Virgin Hyperloop One has been making inroads in the United Arab Emirates (UAE) for a little while, having already presented its vision for a route connecting cities across the Middle East, including a 12-minute link between Dubai and Abu Dhabi. Now it has unveiled a prototype pod developed together with Dubai's transport authority, offering locals a little glimpse at a potential future of subsonic tube travel.
The route between Dubai and Abu Dhabi was first flagged in November 2016, and last year the company described a wider network connecting cities around the region, including Kuwait City, Jedda in Saudi Arabia and Muscat in Oman.
The 139-km (86-mi) trip between Abu Dhabi and Dubai currently takes around one-and-a-half hours by car, and Hyperloop One has said that 4,000 vehicles travel the route daily, costing the economy US$800 million in lost working hours. The project remains a proposal only, but Virgin Hyperloop One CEO Rob Lloyd is in the Emirati capital of Dubai spruiking its potential.
"A Hyperloop network that runs from Jeddah to Riyadh, to Abu Dhabi to Dubai as a backbone from the Red Sea to the Arabian sea is an amazing opportunity and would transform the potential movement of goods and the mobility of people and have a dramatic impact on the economic development and continued growth in the region," Lloyd told Middle Eastern publication The National.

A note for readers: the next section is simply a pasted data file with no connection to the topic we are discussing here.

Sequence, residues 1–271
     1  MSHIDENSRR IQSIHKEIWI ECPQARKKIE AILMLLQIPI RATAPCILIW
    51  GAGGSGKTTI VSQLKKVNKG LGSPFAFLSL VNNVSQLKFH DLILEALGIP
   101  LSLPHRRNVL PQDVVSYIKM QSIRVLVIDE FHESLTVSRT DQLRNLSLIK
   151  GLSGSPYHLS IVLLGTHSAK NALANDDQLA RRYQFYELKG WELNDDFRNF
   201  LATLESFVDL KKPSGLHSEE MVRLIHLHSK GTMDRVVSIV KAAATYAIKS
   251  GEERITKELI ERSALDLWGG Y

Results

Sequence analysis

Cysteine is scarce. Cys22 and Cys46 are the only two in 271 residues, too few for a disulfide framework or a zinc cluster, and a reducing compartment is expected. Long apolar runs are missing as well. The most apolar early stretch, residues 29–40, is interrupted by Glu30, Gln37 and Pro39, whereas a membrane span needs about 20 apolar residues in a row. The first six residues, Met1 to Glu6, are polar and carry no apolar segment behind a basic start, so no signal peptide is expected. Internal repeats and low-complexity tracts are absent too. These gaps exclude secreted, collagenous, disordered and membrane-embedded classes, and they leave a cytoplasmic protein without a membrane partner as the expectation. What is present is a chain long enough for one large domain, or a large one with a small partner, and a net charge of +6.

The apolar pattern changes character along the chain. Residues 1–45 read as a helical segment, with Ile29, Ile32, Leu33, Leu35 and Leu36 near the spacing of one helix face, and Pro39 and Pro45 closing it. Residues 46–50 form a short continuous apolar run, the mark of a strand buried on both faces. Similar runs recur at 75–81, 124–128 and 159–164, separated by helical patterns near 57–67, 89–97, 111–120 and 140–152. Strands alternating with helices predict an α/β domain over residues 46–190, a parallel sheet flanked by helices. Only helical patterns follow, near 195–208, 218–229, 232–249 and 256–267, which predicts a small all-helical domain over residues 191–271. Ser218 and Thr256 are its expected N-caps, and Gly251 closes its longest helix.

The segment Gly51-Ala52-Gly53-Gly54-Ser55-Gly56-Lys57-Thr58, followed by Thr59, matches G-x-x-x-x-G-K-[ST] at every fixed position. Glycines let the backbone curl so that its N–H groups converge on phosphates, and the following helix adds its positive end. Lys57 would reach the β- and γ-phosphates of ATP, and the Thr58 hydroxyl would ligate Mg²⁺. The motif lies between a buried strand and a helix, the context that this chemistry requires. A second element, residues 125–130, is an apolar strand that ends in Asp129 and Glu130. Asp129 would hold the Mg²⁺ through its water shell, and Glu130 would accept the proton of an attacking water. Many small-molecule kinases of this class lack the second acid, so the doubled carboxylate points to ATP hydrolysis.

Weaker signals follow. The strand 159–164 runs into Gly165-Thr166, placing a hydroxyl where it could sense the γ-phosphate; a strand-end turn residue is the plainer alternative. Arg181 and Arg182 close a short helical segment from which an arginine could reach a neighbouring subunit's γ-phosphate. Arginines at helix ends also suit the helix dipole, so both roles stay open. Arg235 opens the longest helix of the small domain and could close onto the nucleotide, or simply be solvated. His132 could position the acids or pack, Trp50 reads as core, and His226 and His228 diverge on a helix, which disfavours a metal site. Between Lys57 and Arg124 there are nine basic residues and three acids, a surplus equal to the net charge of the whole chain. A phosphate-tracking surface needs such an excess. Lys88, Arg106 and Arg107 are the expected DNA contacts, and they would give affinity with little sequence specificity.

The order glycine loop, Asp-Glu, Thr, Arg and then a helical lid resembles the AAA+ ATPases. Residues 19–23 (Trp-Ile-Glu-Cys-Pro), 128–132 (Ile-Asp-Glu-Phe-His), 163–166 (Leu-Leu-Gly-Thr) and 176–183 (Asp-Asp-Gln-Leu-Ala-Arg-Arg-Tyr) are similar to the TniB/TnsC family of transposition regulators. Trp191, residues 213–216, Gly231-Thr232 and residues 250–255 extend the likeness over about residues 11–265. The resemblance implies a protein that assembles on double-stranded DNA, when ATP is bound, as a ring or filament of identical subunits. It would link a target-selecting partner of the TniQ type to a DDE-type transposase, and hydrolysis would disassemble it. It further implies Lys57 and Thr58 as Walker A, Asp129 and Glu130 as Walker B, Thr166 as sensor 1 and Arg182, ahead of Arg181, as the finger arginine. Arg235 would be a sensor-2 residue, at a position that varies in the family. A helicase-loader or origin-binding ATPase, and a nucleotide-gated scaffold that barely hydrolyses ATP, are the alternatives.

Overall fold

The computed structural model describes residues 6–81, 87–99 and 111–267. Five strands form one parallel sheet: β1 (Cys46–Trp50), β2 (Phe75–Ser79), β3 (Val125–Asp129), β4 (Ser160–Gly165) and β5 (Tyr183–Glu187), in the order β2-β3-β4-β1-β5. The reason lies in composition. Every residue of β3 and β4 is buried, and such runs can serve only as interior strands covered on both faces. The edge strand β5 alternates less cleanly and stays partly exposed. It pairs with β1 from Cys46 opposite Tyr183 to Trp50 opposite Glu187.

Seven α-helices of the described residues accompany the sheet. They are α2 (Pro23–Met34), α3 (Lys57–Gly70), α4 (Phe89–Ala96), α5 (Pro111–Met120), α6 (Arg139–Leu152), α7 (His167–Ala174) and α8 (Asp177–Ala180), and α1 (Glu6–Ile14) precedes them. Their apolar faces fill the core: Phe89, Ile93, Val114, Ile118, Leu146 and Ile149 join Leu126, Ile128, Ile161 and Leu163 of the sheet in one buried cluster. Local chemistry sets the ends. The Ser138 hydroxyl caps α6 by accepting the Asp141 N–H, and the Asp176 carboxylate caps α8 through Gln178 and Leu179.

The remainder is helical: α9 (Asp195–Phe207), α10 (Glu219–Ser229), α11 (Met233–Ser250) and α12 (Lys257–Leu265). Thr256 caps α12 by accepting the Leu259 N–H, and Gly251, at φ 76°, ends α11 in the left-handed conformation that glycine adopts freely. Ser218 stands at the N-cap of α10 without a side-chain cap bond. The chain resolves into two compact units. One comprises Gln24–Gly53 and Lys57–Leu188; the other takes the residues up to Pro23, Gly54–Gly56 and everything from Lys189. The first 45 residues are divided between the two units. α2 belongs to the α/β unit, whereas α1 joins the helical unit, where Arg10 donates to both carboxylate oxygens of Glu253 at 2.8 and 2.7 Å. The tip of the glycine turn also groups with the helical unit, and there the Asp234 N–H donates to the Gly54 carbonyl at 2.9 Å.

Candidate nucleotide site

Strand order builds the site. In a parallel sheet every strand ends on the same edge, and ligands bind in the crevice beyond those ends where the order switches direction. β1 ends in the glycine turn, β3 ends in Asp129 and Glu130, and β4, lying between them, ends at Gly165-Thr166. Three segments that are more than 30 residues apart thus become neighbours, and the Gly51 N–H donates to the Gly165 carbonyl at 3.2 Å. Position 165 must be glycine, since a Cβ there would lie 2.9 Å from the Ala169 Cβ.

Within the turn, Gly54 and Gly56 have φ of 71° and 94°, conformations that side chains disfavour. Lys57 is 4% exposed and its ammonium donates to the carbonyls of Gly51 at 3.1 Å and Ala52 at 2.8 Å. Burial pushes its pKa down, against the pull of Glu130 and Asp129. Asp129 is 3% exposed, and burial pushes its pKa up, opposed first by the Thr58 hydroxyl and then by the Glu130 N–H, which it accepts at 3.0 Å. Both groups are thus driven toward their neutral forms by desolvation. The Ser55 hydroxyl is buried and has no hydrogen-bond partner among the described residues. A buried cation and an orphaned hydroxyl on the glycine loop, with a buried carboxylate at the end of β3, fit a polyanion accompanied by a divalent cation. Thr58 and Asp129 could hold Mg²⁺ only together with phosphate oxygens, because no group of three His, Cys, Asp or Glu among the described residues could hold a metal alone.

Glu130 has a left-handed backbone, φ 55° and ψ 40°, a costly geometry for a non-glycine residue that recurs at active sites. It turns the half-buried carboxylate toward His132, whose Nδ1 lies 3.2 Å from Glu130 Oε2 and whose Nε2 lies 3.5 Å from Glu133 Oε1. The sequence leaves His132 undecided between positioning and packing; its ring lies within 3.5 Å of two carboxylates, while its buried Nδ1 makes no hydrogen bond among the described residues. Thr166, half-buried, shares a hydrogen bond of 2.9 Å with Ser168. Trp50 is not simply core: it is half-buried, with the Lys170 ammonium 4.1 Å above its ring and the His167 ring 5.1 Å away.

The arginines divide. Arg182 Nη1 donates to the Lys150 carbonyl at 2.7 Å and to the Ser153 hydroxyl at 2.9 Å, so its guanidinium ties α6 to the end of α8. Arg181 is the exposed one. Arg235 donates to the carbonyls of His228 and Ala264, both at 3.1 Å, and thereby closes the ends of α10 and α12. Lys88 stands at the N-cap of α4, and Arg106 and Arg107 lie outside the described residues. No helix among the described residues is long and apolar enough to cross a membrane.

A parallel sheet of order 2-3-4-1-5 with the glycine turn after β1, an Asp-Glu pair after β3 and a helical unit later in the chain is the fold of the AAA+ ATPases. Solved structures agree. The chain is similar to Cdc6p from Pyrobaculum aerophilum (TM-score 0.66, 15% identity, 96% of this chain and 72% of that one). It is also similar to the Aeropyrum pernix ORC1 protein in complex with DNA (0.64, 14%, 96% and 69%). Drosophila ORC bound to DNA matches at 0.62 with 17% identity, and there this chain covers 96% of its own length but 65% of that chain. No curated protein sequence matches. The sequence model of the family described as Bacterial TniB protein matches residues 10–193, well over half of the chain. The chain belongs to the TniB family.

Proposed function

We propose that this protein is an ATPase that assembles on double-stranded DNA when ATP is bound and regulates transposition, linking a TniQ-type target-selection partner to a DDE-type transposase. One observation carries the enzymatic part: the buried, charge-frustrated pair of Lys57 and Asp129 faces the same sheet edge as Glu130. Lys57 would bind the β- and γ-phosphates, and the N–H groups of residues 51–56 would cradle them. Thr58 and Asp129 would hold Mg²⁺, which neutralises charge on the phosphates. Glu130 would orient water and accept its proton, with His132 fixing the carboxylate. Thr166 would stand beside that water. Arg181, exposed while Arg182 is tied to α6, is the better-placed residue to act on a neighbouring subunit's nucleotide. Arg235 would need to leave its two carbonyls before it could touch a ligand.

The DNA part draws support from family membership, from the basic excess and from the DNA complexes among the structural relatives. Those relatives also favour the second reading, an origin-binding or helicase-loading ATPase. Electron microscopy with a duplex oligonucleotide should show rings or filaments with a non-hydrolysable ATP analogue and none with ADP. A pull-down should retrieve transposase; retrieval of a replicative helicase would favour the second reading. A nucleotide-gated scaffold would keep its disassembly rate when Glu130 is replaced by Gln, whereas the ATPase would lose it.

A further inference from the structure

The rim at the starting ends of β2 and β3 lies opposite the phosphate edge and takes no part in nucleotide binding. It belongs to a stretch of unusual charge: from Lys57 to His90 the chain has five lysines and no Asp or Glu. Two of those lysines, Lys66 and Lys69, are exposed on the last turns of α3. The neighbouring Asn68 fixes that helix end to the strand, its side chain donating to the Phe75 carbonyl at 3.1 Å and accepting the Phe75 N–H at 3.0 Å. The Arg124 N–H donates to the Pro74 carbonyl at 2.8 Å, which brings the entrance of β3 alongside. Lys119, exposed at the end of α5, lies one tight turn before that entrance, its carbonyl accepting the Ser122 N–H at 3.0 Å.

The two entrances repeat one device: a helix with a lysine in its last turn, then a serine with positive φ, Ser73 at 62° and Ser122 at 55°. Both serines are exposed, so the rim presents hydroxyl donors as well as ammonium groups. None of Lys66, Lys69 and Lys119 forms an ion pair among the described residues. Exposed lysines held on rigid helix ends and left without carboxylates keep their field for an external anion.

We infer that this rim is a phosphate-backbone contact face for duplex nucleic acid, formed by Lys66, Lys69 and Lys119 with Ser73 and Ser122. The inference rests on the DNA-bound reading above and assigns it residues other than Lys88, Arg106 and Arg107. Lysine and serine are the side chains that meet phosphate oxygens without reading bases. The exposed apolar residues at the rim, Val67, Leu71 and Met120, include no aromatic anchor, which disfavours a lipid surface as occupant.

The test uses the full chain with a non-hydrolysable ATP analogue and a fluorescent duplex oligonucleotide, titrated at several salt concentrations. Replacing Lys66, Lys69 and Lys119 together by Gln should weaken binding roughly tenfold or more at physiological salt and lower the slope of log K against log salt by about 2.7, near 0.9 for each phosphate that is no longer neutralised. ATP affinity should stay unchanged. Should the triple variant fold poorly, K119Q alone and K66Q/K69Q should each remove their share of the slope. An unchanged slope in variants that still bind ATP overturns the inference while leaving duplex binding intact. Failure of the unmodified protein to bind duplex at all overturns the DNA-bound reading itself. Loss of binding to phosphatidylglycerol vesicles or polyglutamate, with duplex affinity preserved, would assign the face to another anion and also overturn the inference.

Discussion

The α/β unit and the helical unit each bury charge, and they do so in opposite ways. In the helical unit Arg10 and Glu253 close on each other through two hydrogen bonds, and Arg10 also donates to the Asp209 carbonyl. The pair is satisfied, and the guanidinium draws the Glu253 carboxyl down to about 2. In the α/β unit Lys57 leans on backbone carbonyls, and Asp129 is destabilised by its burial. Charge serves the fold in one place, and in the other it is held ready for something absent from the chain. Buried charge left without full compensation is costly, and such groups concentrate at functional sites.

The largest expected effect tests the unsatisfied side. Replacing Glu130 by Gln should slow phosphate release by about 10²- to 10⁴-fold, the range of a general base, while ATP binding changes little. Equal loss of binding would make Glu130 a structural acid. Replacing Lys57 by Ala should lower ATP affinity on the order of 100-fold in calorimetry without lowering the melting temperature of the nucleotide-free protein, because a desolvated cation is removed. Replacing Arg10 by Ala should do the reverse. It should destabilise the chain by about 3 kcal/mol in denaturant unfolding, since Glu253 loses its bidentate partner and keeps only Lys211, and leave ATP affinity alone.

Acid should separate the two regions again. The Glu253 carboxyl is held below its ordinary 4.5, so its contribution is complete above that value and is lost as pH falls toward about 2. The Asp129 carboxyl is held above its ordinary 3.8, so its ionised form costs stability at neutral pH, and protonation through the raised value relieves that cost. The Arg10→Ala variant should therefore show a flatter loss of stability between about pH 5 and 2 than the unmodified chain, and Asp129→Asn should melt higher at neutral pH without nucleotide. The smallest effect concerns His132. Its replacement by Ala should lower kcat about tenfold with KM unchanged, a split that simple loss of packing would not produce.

Virgin Hyperloop One is visiting Dubai for UAE Innovation Week, and is showing off a full-scale model of a Hyperloop pod. This is different to the prototype passenger pod it shuttled along its Nevada test track at 387 km/h (240 mph) in December last year, and is more a look at the luxury it imagines Hyperloop passengers will one day be treated to.
Images show a very spacious cabin, with a sleek touchscreen embedded in the armrest and seats angled to offer a little extra leg room, first class air travel-style. A lot of development still stands between the Hyperloop in its current form and its promised speeds of 700 mph (1,126 km/h), so how closely this prototype resembles any eventual reality of subsonic tube travel remains to be seen. But hey, for now, it's nice to imagine.
Source: Hyperloop One (Twitter)
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